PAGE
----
Preschool: how did you choose one? Was there a waiting list?Subscribe
My daughter is only a toddler, but people are already talking about preschools and where she'll be going etc. Eeek! I know absolutely ZIP about early childhood ed in this country. So I'm always interested to hear other moms' stories/advice. Suggestions? Is it worth it to do all that competitive wait list stuff?
We looked at several pre-schools last year for our now 4 1/2 yr old. Before we starting looking I defined what I wanted out of it for her. In our case we did not need day care, dh is a stay at home dad. We just wanted a chance for her to develop her social and class room structure skills in preparation for kindergarten. We settled on a church based program that is two days per week 2 1/2 hours per day. Their days are structured and taught by a certified early childhood education teacher. I also talked to parents of former students as part of our decision process. It helped me determine if the school in quesiton was good a preparign kids for a successful kindergarten year.
I guess it would depend on the area and the type of school to determine whether you should take waiting lists seriously. Say you want a Catholic preschool and there are more students than spots. Then you can expect to be on a list. In our area, there are a few really good preschools that are popular enough to have waiting lists. But there are other equally excellent schools that don't. Oh, and that's a waiting list starting in January for the upcoming school year. Not a 'get your child's name on the list at birth' sort of school.
And run away fast from any place that promises you their's is the essential first step on the way to an ivy league education.
BabyCenter has a good preschool interview form. And I think the February issue of Wondertime has a listing of the most popular preschool styles. Here's another online preschool article at Wondertime.
We did the usual: asked for recommendations, visited schools, asked a lot of questions, watched our daughter interacting with the teachers, etc. We ended up choosing a cooperative preschool. I highly recommend it. You really get to know the families and the kids in your class. You learn about early childhood education. There is a requirement to work in the classroom and help out around the school, but it's not a burden and fairly fun.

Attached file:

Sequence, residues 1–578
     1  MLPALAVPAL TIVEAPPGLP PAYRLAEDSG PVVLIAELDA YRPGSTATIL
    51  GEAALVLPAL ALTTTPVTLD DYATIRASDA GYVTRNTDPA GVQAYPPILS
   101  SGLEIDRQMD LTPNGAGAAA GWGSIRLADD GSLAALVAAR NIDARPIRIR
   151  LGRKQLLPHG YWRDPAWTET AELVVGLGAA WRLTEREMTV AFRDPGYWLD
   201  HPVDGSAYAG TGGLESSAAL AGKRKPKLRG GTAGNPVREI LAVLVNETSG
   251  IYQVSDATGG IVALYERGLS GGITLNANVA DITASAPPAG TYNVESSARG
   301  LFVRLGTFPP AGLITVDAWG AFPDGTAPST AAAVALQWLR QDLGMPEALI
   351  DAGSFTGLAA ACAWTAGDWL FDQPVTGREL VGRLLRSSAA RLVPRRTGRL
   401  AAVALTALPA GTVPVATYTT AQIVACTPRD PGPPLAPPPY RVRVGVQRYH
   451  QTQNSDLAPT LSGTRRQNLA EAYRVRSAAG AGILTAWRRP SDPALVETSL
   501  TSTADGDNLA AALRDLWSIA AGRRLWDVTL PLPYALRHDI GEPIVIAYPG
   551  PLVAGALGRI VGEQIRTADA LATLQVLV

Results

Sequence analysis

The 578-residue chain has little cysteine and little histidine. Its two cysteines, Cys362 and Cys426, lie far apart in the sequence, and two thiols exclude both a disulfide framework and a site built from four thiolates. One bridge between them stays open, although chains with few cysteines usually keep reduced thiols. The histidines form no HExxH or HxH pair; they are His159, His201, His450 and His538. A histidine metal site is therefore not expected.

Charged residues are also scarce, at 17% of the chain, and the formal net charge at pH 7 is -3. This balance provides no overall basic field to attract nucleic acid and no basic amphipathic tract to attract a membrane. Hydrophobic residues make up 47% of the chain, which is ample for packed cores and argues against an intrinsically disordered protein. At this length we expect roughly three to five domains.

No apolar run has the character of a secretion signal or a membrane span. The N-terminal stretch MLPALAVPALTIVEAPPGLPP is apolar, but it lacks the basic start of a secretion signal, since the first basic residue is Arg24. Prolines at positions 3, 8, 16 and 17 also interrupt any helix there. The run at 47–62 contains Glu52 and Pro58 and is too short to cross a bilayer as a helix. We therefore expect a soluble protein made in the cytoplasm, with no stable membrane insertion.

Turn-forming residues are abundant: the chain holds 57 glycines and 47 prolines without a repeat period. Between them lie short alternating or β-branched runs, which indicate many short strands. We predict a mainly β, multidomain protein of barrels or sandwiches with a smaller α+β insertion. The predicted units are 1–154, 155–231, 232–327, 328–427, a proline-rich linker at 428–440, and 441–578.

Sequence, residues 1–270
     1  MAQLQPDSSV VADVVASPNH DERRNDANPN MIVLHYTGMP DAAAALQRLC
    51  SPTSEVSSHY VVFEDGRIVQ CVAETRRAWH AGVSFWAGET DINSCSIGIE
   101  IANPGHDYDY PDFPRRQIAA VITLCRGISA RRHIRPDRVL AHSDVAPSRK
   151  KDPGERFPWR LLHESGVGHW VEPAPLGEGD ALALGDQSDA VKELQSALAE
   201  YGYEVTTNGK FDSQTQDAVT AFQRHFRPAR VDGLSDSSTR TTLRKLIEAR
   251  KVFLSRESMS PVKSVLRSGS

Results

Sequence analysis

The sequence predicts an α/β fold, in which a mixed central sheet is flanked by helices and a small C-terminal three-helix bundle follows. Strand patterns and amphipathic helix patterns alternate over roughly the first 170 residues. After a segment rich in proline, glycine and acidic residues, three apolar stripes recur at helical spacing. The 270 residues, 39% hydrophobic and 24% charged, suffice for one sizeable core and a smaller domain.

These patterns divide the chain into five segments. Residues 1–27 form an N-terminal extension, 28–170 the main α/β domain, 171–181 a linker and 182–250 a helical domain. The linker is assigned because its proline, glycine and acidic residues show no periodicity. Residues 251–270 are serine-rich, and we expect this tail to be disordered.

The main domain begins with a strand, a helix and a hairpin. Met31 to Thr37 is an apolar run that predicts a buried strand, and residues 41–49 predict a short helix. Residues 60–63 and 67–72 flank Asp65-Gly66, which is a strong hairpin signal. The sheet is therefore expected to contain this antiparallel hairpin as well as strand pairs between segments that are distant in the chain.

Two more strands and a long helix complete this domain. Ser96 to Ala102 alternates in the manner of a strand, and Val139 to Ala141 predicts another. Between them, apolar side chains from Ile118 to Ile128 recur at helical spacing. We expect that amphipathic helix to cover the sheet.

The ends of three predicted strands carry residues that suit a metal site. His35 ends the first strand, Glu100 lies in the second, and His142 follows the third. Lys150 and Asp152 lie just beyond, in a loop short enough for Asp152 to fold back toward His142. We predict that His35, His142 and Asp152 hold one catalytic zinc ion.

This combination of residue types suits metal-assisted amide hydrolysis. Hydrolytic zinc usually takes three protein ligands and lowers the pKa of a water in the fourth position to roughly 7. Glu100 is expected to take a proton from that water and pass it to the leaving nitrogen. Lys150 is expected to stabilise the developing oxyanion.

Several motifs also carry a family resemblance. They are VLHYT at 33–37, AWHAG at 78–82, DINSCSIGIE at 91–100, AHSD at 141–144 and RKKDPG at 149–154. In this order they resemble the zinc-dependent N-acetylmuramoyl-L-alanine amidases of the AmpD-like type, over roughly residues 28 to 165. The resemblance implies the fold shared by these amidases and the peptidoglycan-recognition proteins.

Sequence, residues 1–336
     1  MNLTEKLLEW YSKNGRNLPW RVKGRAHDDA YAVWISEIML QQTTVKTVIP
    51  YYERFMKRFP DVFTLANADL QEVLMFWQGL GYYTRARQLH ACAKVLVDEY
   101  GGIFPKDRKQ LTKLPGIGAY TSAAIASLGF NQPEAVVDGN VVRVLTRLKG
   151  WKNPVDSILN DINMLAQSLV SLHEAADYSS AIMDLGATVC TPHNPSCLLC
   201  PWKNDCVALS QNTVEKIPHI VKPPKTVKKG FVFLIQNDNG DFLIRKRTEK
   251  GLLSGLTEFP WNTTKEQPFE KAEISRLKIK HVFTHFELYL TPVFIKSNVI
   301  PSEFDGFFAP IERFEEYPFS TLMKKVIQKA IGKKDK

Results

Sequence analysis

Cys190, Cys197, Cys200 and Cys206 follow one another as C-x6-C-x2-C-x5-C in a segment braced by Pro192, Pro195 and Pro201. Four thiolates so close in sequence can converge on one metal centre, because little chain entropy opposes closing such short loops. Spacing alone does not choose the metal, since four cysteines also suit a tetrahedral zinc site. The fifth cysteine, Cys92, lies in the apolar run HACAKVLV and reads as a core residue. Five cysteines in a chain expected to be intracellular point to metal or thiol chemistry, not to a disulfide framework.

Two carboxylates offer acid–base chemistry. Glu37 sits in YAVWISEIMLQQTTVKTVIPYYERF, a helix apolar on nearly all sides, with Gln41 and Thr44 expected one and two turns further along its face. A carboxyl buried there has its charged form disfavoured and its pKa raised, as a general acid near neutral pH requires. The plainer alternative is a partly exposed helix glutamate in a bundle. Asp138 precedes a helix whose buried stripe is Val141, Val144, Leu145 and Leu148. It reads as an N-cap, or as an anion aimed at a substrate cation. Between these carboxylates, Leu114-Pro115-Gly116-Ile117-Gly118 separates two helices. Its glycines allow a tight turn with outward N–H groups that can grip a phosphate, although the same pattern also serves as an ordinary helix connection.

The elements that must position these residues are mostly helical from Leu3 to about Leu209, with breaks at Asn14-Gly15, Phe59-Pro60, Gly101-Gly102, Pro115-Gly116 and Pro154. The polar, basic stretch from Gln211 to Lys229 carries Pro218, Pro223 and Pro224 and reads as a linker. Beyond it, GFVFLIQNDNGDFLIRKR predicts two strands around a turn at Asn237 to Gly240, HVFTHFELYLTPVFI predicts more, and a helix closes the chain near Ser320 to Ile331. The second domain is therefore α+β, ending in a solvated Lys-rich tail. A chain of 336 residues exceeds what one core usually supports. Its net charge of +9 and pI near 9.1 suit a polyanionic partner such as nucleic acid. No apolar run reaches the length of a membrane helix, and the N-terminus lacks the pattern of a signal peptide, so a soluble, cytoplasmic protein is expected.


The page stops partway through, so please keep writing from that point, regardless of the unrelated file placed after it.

Look for texture tables (eg an indoor sand box filled with rice or something), water tables, an art area, outside time every day and an active plan b if the weather is bad, curriculum wide enough to allow for differing interests and abilities, certified teachers, and an insured facility.
I went by word of mouth recommedations first. Then I checked them all out on my own because what may be good for someone may not be good for you. There is a lot of that competitive wait list stuff here with crazy pricing.
I have friends that have their kids in "the school" and my son is not. My son can write his name, he is 3 1/2 . He is doing fine. I always say "it's preschool" not med school. Still you want the best for your child.
I read the wondertime article and it was pretty informative.
Some demand potty trained, some don't. Around here people send their kids at 2. I held back unti he was 3.
I wanted a safe environment, loving teachers, safe outdoor play area and most important for me was close proximity to my house. I can actually walk there.
My son is in a church program, they have recitals and sing.
Our friends in NYC were telling us that they got up at 6:00 am and waited on line to get their child into "the preschool". They said it was like waiting on line for Bruce Springsteen tickets not to mention the cost of the school. Lets just say you could send three kids for their one.
GOod luck!Flag as inappropriate Posted by on 12th February 2008